Dear Attorney: We were financially ruined and became homeless when Massachusetts Judge Dina E. Fein evicted our family. (The Landlord did not serve Notice to Quit and attached fraudulent documents). We paid over $3,000 rent to Landlord and agreed to continue paying per lease terms. But the Judge evicted us and ordered that we pay ADDITIONAL $2,500 + Court Costs. Let me be specific.
In October 2014, we signed 7-month Airbnb Apartment Lease ($800/month) with Landlord in Erving. We paid $1,300 for initial 6 weeks rent.
Three weeks later, Airbnb Landlord cancelled our Lease without any reason and demanded we move out immediately!
We were always ready to pay our rent, but the Airbnb Landlord refused to accept our money! The Landlord did not serve us Notice to Quit.
In December 2014, the Landlord's Attorney filed an Eviction Case against us without Notice to Quit. The Attorney attached a fraudulent Airbnb document, claiming we rented the apartment for 2 weeks and now refuse to leave!
Judge Dina E. Fein was completely biased toward the Landlord's Attorney. She accepted the Landlord's fraudulent Airbnb document and disregarded missing Notice to Quit. Judge Dina E. Fein refused our 7-month Airbnb Apartment Lease with Bank Statements.
During Settlement meeting, we agreed to pay $2,000 rent and move out. But Landlord Attorney secretly inserted $2,500 bonus for his client. In total we paid over $3,000 rent to Airbnb Landlord. But in May 2015, Judge evicted us and ordered we pay ADDITIONAL $2,500 + court costs (with accruing interest).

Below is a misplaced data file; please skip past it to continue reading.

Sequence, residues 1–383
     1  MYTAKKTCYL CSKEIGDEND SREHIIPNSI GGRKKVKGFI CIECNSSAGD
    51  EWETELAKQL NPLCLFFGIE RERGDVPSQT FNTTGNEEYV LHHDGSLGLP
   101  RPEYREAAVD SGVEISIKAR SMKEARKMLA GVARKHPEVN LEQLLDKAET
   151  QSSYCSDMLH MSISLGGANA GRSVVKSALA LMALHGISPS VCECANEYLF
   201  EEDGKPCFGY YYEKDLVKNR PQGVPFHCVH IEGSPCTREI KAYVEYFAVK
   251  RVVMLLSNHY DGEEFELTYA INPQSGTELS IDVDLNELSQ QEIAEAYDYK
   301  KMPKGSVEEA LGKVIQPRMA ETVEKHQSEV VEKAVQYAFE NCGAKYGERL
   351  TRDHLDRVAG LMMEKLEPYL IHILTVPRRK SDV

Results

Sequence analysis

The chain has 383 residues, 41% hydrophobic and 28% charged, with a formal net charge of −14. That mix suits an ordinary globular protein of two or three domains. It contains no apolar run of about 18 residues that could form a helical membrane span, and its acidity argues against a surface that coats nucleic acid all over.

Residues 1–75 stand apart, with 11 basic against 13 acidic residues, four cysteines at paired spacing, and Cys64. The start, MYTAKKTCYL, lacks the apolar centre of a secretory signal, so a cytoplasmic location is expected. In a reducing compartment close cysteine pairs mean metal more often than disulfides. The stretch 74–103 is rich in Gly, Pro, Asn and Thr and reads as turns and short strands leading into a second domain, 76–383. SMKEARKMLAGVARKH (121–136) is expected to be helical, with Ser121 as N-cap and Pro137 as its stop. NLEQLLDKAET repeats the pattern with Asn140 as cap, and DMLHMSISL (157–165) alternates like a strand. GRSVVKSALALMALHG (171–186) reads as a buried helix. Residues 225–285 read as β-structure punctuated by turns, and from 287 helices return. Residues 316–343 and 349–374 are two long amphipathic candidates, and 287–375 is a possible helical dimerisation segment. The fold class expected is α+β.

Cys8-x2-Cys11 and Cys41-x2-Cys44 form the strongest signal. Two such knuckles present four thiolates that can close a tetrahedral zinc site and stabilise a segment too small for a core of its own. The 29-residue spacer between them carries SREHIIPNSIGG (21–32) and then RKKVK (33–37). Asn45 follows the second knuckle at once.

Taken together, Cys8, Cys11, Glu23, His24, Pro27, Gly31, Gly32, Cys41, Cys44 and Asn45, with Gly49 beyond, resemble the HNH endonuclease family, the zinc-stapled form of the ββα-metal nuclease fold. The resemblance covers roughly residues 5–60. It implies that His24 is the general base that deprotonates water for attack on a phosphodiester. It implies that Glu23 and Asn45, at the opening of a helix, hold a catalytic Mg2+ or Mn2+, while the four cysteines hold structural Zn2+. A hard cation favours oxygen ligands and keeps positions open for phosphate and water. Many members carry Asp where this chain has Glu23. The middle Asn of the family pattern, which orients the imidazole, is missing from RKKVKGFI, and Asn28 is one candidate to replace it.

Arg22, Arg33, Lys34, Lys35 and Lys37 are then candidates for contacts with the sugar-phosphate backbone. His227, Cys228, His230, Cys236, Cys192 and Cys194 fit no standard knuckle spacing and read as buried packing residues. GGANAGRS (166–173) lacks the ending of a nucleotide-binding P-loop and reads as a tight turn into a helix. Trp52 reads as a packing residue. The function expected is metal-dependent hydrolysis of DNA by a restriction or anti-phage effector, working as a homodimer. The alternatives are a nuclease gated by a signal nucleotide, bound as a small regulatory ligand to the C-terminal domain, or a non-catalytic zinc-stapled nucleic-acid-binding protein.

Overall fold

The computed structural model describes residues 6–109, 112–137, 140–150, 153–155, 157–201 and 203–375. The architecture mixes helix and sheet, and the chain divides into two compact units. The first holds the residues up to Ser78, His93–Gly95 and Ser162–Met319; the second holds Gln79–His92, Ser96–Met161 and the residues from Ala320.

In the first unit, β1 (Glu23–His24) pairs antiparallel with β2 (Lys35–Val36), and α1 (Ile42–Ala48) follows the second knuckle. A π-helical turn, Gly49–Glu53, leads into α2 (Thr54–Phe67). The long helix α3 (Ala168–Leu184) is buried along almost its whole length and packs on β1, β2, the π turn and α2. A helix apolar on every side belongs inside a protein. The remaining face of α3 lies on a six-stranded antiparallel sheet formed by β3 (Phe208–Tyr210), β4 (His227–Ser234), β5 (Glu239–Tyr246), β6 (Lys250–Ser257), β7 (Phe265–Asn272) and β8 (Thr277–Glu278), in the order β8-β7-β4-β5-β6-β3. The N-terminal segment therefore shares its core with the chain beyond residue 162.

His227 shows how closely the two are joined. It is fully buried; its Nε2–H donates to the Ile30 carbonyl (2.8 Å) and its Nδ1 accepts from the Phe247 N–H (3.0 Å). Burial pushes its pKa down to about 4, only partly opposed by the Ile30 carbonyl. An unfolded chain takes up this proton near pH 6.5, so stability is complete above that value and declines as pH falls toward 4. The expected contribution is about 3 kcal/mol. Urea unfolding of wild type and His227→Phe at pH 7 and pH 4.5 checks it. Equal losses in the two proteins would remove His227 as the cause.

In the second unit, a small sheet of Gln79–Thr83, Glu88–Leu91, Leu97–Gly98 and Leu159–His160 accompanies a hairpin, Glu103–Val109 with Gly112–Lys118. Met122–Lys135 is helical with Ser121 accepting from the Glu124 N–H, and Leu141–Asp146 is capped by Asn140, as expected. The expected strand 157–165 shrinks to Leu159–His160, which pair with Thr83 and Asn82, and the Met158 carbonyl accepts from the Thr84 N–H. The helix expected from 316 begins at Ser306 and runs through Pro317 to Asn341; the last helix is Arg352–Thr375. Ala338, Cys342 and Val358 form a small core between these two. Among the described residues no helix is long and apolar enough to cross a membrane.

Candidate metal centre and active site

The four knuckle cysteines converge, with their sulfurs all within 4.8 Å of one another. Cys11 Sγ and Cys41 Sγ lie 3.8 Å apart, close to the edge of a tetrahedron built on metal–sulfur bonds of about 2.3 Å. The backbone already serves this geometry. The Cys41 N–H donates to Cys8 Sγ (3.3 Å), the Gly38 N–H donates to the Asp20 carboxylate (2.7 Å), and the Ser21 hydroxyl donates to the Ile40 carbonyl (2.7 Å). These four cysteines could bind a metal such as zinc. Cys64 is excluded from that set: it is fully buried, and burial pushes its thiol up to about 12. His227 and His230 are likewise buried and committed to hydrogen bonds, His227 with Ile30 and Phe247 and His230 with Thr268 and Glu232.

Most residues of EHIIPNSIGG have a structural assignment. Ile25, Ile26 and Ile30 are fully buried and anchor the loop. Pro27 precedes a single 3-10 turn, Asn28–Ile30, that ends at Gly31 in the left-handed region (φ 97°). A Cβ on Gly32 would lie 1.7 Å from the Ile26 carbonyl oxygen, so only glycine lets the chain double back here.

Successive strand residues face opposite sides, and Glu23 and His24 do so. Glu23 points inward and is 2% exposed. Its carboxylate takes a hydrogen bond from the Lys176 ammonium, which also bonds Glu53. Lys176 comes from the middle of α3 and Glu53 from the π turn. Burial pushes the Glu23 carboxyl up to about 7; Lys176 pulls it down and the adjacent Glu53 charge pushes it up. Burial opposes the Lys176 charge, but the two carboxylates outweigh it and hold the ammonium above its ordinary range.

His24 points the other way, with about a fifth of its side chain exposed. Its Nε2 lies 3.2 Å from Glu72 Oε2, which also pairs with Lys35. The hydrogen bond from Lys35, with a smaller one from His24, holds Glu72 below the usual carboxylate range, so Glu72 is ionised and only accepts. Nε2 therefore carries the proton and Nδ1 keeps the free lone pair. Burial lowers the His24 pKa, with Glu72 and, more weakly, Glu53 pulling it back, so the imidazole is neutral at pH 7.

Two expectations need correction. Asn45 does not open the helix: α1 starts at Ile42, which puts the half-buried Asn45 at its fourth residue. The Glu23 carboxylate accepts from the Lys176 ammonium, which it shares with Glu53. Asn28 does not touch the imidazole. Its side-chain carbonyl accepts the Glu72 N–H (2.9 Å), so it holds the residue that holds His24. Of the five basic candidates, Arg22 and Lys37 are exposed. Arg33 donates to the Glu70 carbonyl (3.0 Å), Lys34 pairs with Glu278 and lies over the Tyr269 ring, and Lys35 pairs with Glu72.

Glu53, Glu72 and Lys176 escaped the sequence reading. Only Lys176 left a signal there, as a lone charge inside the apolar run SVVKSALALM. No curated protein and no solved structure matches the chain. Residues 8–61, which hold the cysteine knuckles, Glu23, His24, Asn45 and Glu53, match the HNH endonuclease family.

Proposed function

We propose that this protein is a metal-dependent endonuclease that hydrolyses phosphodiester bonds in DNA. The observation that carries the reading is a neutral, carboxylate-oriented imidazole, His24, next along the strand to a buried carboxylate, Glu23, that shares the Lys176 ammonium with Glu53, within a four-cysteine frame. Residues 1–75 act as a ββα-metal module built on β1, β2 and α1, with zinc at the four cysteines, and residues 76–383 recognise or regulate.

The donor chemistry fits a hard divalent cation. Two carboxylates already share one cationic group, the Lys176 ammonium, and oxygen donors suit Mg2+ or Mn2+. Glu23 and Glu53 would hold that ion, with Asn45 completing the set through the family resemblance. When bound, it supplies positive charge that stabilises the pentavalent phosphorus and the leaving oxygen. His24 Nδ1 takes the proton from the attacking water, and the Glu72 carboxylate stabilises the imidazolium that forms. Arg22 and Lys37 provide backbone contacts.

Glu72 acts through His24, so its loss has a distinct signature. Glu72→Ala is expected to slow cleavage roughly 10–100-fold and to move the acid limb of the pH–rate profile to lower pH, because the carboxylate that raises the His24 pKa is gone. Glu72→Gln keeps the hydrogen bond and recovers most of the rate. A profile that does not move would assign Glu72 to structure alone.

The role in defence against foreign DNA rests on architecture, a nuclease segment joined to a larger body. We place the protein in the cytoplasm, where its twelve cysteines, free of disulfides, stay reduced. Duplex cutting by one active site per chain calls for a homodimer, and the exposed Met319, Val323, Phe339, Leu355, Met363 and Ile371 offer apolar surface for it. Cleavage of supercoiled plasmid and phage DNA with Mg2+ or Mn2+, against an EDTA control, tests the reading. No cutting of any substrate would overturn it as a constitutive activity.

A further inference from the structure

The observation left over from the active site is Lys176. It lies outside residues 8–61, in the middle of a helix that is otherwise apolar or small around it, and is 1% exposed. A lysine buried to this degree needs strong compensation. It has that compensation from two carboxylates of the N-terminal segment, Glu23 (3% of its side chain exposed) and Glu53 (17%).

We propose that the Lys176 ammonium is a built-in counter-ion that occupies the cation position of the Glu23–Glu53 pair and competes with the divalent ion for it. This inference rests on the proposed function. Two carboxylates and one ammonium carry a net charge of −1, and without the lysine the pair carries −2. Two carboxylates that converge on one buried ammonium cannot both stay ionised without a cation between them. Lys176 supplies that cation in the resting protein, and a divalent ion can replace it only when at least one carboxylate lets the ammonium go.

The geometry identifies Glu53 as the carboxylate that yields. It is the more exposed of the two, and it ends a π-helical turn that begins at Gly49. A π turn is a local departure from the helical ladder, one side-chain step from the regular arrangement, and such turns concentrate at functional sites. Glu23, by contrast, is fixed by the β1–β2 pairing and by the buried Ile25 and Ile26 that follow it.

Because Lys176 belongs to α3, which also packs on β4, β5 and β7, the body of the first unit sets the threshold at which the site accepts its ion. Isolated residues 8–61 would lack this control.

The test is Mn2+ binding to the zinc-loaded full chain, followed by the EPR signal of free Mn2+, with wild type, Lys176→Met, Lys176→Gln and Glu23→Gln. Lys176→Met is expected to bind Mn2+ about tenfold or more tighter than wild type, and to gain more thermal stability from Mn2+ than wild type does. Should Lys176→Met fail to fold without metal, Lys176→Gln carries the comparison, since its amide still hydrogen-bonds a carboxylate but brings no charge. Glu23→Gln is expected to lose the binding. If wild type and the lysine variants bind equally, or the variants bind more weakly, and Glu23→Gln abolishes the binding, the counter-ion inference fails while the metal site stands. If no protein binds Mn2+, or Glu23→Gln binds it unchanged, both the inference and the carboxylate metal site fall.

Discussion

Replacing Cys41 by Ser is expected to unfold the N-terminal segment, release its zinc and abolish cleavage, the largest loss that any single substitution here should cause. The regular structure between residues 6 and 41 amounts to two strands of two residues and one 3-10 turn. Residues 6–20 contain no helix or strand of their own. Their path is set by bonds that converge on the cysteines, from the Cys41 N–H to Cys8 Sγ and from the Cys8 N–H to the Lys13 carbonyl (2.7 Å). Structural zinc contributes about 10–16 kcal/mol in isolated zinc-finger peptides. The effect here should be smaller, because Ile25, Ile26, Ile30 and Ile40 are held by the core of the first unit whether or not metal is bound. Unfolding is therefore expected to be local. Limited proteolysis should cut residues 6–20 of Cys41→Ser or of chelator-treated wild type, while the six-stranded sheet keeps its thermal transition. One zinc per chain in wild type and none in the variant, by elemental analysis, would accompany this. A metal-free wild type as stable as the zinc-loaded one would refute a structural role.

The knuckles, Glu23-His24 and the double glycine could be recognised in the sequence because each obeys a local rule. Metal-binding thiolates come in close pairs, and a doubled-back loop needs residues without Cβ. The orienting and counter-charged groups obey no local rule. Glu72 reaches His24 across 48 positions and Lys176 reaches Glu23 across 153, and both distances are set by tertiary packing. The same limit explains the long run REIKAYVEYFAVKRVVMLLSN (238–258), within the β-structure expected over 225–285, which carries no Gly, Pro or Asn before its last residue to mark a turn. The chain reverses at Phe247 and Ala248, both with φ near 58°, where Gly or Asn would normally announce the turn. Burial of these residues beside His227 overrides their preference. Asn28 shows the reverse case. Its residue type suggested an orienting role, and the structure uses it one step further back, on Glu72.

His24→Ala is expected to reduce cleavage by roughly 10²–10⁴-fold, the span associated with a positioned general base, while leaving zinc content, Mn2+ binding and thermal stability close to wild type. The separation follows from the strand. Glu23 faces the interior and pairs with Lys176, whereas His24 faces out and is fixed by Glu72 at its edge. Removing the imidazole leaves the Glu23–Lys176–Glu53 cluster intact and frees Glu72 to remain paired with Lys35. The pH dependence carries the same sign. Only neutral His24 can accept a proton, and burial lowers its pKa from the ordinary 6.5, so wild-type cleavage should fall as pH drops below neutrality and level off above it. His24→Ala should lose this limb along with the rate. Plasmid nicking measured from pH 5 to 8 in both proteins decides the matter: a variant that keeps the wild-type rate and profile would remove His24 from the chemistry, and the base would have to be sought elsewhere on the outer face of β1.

We moved out and filed an Appeal. But 18 months later, Boston Appeals Court Judges covered-up fraud and did not address the defective Summons Complaint! The Supreme Justice Court refused to review our case.
We are in Catch-22. We are homeless. Eviction Case is still active. We cannot afford to pay ~$4,000 (after interest) Judgment.
What should we do?
1 Answer from Attorneys
File bankruptcy. You can find a clinic that will help you do it pro se. The Bankruptcy will end the landlord's ability to go after you. Call the Boston Bar Association or Massachusetts Bar Association and ask for help filing a personal bankruptcy pro se.